Privacy advocates worry those same vagaries could give the government another way to collect personal information on U.S. citizens. They’ve pushed for National Security Agency (NSA) reform to come before any cyber information sharing bill.

Increased transparency, but privacy advocates wary

Obama insisted he would not let NSA reform fall to the wayside. “While some have moved on from the debates over our surveillance programs, I haven’t,” he said. “As promised, our intelligence agencies have worked hard, with the recommendations of privacy advocates, to increase transparency and build more safeguards against potential abuse.”

Privacy advocates remained wary after hearing Obama’s remarks.

“It’s heartening that President Obama’s address focused on Americans’ privacy, but the only way to fulfill that promise is to pass surveillance reform before taking up cyber [info sharing] legislation,” said Robyn Greene, policy counsel for the Open Technology Institute.

Not all sunshine

Different committees have pushed their own sharing proposals, creating intra-party squabbles and jurisdictional turf wars. Key Democrats on cyber issues have also broken with the White House on their own cyber threat sharing bills.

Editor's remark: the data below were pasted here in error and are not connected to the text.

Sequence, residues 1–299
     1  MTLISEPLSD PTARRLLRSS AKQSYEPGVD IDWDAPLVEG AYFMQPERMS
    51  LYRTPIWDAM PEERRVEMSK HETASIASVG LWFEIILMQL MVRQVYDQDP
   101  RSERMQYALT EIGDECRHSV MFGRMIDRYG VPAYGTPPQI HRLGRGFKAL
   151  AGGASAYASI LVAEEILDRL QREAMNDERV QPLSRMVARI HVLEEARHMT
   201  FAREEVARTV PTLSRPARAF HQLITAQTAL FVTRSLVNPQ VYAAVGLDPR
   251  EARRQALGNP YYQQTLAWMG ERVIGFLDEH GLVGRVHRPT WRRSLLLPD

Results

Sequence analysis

Rep. Dutch Ruppersberger (D-Md.) recently reintroduced the Cyber Intelligence Sharing and Protection Act (CISPA), which would enable sharing between the private sector and the NSA, not the DHS.

Senate Intelligence Committee ranking member Dianne Feinstein (D-Calif.) was also a big proponent of a Senate version of CISPA last Congress.

Well some sunshine

The two recently installed chairmen on the Senate Intelligence Committee and Senate Homeland Security and Governmental Affairs Committee will play a big role in setting the legislative agenda. Both Intelligence Chairman Richard Burr (R-N.C.) and Homeland Security Chairman Ron Johnson (R-Wis.) have indicated they’re willing to work with the White House on a joint cyber proposal.

ThreatMetrix builds trust on the Internet by offering market-leading advanced fraud prevention and frictionless context-based security solutions. These solutions authenticate consumer and workforce access to mission critical applications using real-time identity and access analytics that leverage the world’s largest trusted identity network.